It has been almost 6 weeks since reports of John Chau’s death at the hands of a remote island tribe in the Indian Ocean made international news. With Christmas here, perhaps it is time to revisit John’s story in light of the Christmas story.
The lesser known version of the Christmas story can be found in the first chapter of the gospel of John, wherein it says “he came to those who were his own, yet His own did not recognize him.”
On November 15th and 16th of this year, a 26-year-old man named John Chau went to those whom he saw as his own and he too was rejected. This led to an international discussion about Mr. Chau’s decisions, his preparedness and his purpose in going to North Sentinel Island. Initial articles depicted him as a foolish American millennial who was little more than an adrenaline junkie with a penchant for making foolish decisions. He has been presented in various forms of media as a highly unprepared, culturally uneducated and naive young man who may have “gotten what he deserved” for daring to penetrate an Island utopia isolated for many thousands of years. However, in the ensuing weeks new information has emerged which profoundly challenges those initial portrayals. It is still reasonable and worthwhile to ask who John was and what was his purpose in going to North Sentinel Island. Was John merely a rogue “adventurer” harboring an unspoken death wish who foolishly went to a remote Island in the Indian Ocean to kick a soccer ball around with the most isolated tribe on the planet or is it possible he was someone much more?
The primary weakness of the articles written in the first days after Chau’s tragic passing is that they significantly misrepresented his intentions and his purpose. This fact is perfectly reasonable given the scarcity of material facts initially known about the situation. Writing about John Chau in the early days after his death was certainly difficult and even today is no easy task. Trying to understand who John was from his Instagram page and a few scattered and sometimes conflicting facts is challenging. It is for this reason I hope to clear up a few of those misunderstandings and to address John’s motives in going to North Sentinel Island. Let me mention here that I did know John, though not very well. I had the chance to meet him overseas several years ago when he was visiting our community with a team of short-term missionaries. Since that time, I have both kept up with his journey and corresponded with him sporadically. I also received his monthly update letters in the years since meeting him.
Anyone who knew or met John would describe him as a warm and engaging young man who had a deep love for God that came out in his love for others. He was also a gentle person defined by his clarity of thought and focus. That’s not to suggest that John wasn’t adventurous, because by any regular standard, he clearly was. He had climbed mountains, scuba dived, traversed jungles and visited multiple far-flung corners of the earth in his quest to be prepared for the calling he was convinced he had received from God. But to reduce John’s identity to merely an “adventurer” would be like describing a policeman who is a cycling enthusiast that rides on weekends and holidays as a “cyclist.” Imagine if that same officer, while cycling through his city one Saturday turned down a street in which rival gangs were fighting and instinctively screamed “STOP!” but was immediately shot dead. News reports that came out following this incident might read “Cycling Enthusiast Attempts to Stop Gang Violence and is Shot Dead.” We may even see people speculating about the foolish nature of a cyclist trying to stop a gang fight while wearing spandex. Some would cruelly laugh and mock such a “foolish” person and twitter would come alive with fresh memes mocking the spandex moron who tried to stop gangs from doing what they do. The analogy isn’t perfect by a long shot and I do recognize that police officers have very precise protocols they would follow to the tee, regardless of the context. Yet his analogy rightly depicts how those of us who knew John feel about the way he has been described. His life and reputation have been mischaracterized and then thrust into the public eye to be scrutinized by the world when so little of the actual facts were known. When the full truth is known, however, it paints quite a different picture than the one presented in the days immediately following John’s death.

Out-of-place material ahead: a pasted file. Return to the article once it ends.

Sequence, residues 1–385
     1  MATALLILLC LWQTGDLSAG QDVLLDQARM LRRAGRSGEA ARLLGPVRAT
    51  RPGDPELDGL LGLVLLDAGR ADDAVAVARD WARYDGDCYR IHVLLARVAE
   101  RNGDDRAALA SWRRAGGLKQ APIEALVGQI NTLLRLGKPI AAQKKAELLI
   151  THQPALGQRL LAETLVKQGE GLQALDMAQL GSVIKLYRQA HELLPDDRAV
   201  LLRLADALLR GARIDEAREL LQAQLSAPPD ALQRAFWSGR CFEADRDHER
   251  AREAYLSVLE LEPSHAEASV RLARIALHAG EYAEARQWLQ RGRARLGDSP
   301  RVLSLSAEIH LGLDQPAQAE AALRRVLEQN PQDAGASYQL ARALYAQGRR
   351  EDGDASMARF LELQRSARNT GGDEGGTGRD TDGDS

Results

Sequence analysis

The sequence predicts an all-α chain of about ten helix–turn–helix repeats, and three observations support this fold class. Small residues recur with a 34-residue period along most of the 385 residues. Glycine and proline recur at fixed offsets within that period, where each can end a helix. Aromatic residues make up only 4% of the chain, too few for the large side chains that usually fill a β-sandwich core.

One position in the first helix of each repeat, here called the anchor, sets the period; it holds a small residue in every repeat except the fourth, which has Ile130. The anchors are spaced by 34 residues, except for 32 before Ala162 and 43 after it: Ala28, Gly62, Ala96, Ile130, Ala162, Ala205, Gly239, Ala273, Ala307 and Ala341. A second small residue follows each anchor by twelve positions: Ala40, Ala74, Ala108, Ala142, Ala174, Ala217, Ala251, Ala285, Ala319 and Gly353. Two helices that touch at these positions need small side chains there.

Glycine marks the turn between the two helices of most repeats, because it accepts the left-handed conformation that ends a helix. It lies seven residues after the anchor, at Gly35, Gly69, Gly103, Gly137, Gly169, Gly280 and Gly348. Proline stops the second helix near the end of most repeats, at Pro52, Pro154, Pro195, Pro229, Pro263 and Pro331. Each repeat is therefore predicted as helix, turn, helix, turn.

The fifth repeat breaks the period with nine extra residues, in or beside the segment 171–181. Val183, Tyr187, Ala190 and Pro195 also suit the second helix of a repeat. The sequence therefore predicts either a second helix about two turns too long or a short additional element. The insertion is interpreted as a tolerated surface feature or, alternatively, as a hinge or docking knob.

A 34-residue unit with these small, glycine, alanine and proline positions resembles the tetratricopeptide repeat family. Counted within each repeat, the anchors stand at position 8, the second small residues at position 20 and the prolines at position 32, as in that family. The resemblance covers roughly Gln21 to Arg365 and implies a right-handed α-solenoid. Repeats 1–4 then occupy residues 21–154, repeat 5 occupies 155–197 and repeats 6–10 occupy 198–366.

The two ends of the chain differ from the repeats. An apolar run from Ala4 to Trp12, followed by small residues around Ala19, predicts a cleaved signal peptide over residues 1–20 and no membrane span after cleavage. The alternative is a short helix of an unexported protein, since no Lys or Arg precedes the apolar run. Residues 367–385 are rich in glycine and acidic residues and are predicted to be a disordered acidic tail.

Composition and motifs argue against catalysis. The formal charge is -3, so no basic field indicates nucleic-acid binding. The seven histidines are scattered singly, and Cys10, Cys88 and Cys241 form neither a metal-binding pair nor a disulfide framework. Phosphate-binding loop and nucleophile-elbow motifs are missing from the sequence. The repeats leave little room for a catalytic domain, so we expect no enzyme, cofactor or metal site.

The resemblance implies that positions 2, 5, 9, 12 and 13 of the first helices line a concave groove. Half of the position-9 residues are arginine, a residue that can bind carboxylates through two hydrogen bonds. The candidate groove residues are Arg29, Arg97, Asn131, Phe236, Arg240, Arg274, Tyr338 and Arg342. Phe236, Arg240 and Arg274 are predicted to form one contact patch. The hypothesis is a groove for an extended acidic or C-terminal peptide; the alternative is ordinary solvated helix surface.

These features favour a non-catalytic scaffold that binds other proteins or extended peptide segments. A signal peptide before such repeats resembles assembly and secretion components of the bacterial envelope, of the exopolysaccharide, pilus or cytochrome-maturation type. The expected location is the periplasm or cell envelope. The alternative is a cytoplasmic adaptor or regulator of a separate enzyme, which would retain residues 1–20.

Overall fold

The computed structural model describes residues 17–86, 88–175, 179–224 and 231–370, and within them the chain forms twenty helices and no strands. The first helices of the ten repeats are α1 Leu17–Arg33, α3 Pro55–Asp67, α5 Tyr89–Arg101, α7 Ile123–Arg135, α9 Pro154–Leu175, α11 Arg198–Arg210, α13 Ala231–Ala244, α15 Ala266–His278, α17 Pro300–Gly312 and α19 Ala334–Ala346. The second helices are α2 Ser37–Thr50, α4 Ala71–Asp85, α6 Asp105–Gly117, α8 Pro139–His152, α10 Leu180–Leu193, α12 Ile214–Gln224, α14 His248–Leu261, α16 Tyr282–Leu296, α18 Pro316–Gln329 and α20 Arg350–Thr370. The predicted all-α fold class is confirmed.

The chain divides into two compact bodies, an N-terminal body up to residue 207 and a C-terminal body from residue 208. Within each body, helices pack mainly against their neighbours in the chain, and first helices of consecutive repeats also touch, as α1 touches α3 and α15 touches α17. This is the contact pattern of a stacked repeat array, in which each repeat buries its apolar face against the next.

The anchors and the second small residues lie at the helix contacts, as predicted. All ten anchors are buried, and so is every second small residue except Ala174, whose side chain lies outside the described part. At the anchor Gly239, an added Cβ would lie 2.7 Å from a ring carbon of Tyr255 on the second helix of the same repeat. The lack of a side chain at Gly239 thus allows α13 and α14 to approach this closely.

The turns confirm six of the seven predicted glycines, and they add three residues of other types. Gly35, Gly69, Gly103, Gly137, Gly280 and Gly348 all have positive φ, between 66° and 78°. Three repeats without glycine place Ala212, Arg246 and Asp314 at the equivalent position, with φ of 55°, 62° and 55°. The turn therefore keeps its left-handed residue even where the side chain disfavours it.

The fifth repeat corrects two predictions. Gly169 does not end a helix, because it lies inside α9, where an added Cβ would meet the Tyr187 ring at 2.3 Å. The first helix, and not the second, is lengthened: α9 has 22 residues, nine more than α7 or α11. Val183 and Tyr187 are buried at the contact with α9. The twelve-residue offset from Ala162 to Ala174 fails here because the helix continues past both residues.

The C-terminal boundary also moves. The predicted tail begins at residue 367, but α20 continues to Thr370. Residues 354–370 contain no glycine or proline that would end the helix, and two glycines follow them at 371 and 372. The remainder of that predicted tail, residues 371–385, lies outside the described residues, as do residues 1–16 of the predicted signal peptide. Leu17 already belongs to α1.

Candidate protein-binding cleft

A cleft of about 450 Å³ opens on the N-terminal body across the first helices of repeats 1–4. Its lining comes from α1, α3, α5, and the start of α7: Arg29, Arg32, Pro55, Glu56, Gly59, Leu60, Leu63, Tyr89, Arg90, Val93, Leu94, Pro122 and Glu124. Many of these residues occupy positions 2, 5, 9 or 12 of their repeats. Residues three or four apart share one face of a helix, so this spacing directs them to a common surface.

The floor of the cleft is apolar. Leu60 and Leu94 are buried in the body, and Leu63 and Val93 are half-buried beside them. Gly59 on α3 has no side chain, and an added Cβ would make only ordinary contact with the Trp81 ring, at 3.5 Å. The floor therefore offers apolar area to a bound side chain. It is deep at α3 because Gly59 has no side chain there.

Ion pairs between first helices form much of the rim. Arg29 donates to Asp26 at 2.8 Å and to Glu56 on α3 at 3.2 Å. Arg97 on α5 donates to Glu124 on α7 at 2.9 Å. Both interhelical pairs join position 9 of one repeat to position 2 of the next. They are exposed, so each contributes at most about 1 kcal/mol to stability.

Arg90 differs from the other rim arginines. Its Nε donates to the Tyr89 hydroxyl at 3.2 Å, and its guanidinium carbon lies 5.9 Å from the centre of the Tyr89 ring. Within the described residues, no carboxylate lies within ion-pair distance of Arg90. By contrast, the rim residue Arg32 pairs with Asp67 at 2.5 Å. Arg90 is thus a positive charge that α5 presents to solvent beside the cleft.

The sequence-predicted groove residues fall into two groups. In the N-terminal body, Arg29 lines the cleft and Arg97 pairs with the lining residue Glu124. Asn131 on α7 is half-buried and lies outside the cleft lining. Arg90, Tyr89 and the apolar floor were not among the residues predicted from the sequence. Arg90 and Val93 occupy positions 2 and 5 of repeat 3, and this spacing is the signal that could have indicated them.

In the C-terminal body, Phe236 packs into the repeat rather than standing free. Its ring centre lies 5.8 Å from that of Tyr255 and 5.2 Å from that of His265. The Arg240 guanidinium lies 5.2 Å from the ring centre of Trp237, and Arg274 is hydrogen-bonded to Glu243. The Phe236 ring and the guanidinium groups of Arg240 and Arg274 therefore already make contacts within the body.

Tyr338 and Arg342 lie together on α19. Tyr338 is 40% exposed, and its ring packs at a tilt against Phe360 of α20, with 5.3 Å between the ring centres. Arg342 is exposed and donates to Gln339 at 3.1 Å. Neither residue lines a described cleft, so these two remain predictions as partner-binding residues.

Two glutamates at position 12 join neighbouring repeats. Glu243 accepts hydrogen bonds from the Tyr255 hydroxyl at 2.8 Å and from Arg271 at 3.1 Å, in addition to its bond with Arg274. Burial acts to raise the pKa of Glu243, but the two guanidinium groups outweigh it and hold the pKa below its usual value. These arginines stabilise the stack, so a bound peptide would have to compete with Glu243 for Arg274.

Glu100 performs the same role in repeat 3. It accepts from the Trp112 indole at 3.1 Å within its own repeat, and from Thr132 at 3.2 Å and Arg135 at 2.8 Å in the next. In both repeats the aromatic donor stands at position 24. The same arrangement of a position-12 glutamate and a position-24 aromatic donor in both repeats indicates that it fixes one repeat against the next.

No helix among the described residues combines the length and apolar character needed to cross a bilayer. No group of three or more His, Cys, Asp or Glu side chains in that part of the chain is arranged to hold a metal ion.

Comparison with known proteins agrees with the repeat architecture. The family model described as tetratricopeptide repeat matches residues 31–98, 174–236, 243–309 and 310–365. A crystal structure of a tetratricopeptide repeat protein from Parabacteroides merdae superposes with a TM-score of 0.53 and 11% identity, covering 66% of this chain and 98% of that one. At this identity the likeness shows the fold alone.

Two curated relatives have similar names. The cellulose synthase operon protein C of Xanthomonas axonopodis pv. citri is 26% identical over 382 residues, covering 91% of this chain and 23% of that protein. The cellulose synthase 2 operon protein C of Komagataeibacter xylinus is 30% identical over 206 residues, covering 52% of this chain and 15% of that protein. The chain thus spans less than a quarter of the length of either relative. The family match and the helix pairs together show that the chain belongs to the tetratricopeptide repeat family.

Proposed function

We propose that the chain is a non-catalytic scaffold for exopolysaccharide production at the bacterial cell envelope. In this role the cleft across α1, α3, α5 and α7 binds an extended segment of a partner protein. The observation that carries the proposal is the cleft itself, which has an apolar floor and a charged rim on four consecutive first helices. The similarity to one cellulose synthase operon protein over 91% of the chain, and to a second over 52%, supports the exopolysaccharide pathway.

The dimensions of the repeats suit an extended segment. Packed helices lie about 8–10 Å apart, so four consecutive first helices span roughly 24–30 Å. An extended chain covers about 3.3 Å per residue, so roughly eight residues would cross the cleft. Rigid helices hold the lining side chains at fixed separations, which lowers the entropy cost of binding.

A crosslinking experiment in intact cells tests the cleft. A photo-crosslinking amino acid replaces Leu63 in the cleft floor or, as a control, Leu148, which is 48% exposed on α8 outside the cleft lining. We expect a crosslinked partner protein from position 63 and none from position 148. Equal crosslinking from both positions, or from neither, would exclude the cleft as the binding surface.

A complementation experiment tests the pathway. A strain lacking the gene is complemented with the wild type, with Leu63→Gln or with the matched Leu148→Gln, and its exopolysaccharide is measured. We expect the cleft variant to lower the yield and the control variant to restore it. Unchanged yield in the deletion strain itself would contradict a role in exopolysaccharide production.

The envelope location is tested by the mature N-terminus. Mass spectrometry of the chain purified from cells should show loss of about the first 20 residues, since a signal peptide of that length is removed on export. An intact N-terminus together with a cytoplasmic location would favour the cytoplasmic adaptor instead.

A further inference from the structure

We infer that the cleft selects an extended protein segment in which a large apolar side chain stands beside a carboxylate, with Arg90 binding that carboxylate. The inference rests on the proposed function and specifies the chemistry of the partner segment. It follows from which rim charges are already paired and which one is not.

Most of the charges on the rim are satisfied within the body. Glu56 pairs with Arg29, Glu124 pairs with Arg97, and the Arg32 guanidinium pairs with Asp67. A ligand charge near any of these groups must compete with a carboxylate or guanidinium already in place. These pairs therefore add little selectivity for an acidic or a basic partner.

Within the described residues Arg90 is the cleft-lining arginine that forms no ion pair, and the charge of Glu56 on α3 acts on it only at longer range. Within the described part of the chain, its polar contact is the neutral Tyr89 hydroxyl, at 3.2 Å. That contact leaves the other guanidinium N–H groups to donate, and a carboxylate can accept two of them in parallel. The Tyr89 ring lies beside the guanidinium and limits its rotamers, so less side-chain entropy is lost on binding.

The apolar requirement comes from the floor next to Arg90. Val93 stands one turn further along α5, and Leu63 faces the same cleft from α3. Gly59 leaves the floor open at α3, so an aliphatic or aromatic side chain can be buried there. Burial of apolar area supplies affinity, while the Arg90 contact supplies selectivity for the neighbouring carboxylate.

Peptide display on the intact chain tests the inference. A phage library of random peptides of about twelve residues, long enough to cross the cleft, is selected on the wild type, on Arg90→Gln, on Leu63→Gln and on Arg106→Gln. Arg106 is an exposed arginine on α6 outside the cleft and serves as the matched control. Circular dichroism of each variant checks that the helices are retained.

Agree with him or not, John did not make a rash decision to head to North Sentinel Island on November 15th. As it turns out, John determined back in high school almost 10 years ago that he wanted to bring the gospel to those who had never heard. Countless young Christians, in their youthful exuberance, go through a “stage” of their faith wherein they too desire to reach the unreached with the gospel. Most of these move on to other goals which draw their attention away, but John wasn’t like most people. He held on to his love for the North Sentinelese through college and began taking every opportunity to prepare himself for such a radical calling and purpose for his life even these past few years after college.
So what is the truth about John Chau? Some have accused him of being a social media millennial who had an addiction to adventure with a bit of religion added on for good measure. Others have suggested he was little more than a glory hound seeking international fame by visiting an anthropological treasure trove like North Sentinel Island. The most generous of his detractors have accused him of having a great lack of wisdom and being naive to the point of foolishness.
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SOURCE: Christian Post, Daniel Wesley